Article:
Junior doctors in England are set to stage a mass walkout for the first time in 40 years after talks to resolve the dispute over a new contract failed. Around 38,000 NHS medics will take part in the 24-hour strike on 12 January, the first of three planned over concerns about proposed changes to junior doctors' contracts, including pay cuts and the removal of safeguards against over-working.
Ahead of the strike, IBTimes UK spoke to junior doctors about their lives and whether they support industrial action.
Kat Brinchmann, core medical trainee
"I look after adult hospital inpatients who have a medical problem that covers anyone who basically doesn't need surgery or having a baby, for example. As part of my training I rotate jobs every four months. I'm currently working on intensive care at a hospital.
"I do 13-hour shifts, either days or nights, up to seven in a row, and I work two weekends a month. I get a day off for every night shift I do. On other rotas I will work 12 days in a row with alternating nine and 13-hour shifts. My average week is about 56 hours.
"I am often so busy that I'll go eight hours without a drink or food. Doctors do not get timetabled breaks, but we take them when we can. I find it stressful when more than two patients try to die at once, and when I'm prevented from doing the best for my patients because of politics or a lack of resources.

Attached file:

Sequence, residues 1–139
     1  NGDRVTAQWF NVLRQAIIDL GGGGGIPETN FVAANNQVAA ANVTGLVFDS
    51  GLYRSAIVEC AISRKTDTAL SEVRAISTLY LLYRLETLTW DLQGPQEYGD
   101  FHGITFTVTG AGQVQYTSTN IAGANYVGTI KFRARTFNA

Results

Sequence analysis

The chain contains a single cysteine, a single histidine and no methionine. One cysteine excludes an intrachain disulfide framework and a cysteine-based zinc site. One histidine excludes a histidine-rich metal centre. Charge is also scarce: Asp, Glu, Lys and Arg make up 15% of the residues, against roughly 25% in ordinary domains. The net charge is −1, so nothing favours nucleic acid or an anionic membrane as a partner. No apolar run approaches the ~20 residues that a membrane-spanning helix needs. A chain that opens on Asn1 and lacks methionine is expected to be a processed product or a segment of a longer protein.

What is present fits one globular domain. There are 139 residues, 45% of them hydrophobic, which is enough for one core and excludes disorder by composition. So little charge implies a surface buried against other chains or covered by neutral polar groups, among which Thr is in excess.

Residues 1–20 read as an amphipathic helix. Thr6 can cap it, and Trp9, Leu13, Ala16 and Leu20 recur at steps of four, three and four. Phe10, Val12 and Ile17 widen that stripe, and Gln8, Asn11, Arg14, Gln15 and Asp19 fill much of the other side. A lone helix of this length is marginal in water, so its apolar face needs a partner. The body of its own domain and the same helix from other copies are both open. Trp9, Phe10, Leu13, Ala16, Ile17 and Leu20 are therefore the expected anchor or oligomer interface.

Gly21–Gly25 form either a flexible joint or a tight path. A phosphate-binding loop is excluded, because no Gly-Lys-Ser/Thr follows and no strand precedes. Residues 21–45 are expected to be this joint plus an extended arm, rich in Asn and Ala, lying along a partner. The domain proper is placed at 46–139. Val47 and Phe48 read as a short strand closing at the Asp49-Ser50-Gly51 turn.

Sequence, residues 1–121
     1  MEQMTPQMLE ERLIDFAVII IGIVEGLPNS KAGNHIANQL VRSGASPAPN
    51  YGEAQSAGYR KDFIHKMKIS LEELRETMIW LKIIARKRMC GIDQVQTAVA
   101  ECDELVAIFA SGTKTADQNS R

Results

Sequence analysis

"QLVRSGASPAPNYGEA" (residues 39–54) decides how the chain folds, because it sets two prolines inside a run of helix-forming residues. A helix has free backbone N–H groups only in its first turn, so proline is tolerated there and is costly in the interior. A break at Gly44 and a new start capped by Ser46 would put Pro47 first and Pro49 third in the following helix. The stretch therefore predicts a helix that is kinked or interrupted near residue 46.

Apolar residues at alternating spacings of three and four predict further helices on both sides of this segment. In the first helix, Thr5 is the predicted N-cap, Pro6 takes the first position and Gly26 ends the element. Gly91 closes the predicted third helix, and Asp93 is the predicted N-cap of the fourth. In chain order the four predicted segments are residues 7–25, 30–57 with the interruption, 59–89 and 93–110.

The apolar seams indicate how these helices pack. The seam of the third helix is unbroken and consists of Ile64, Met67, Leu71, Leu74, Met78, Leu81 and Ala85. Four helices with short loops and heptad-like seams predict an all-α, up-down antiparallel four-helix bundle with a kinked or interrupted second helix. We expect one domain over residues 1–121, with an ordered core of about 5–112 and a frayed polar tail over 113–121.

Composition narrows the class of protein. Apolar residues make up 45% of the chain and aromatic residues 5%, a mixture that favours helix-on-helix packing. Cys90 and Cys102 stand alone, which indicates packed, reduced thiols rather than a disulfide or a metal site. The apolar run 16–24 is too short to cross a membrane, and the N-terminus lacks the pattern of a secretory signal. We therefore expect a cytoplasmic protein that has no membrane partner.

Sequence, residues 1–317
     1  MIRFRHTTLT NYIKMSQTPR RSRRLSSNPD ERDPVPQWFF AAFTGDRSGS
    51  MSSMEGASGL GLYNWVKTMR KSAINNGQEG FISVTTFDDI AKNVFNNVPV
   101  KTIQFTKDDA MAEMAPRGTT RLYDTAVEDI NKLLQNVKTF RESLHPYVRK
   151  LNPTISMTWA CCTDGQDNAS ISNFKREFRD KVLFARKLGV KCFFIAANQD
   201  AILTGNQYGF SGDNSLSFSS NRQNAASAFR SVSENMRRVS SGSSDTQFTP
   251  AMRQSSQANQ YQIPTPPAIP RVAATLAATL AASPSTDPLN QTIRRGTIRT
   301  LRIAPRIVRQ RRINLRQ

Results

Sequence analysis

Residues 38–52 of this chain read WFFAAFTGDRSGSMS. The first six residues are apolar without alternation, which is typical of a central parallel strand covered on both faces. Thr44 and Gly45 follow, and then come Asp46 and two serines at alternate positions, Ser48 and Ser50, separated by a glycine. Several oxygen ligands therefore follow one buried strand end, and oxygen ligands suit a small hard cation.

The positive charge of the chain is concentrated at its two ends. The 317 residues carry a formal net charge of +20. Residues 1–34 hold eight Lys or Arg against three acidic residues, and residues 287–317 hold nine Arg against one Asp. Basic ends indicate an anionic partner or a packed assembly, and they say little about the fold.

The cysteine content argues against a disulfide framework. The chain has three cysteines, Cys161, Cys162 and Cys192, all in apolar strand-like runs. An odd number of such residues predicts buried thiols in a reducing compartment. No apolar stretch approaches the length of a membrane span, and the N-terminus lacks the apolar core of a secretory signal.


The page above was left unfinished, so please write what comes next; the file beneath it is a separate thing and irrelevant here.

"I wholeheartedly support the strike and voted in the BMA ballot. There is already a seven-day NHS, there is always an on-call doctor to see unwell patients or deal with emergencies. Our main issues at weekends are our lack of access to investigations or allied health professionals (physios/occupational therapists etc) or social services at the weekends. These things are the limiting factors not the number of doctors on site.
"We work on minimum doctors on weekdays, it is impossible with a finite number of doctors to have more working at the weekends without significantly increasing our hours, which apparently the government want to decrease. As sad as this is, if hospitals don't get financial penalties for overworking their doctors they won't care about it anymore and all our protection will have ended.
"33% of my salary comes from my 'banding' which is a supplement for the horrific anti-social hours I work, they want to scrap it and call Saturdays and evenings normal hours so they don't have to pay us extra for it.
"I think work/life balance is variable, obviously if I spend 13 hours at work, I can't do a lot else with my day and it's exhausting, but I do get days off to compensate which may go if the new contract goes ahead."
Usman Ahmed, trainee in trauma and orthopaedic surgery
"At the moment, my working schedule is 8am until 5pm or 6pm and then I have all my on-call commitments. I am on-call 24-hours where I am now, so it tends to be quite busy. With being a trainee in surgery, however, I am in work 30 to 45 minutes before the working day starts and I'm usually in until the last surgeries finish. It's usually 7am until 8pm most days.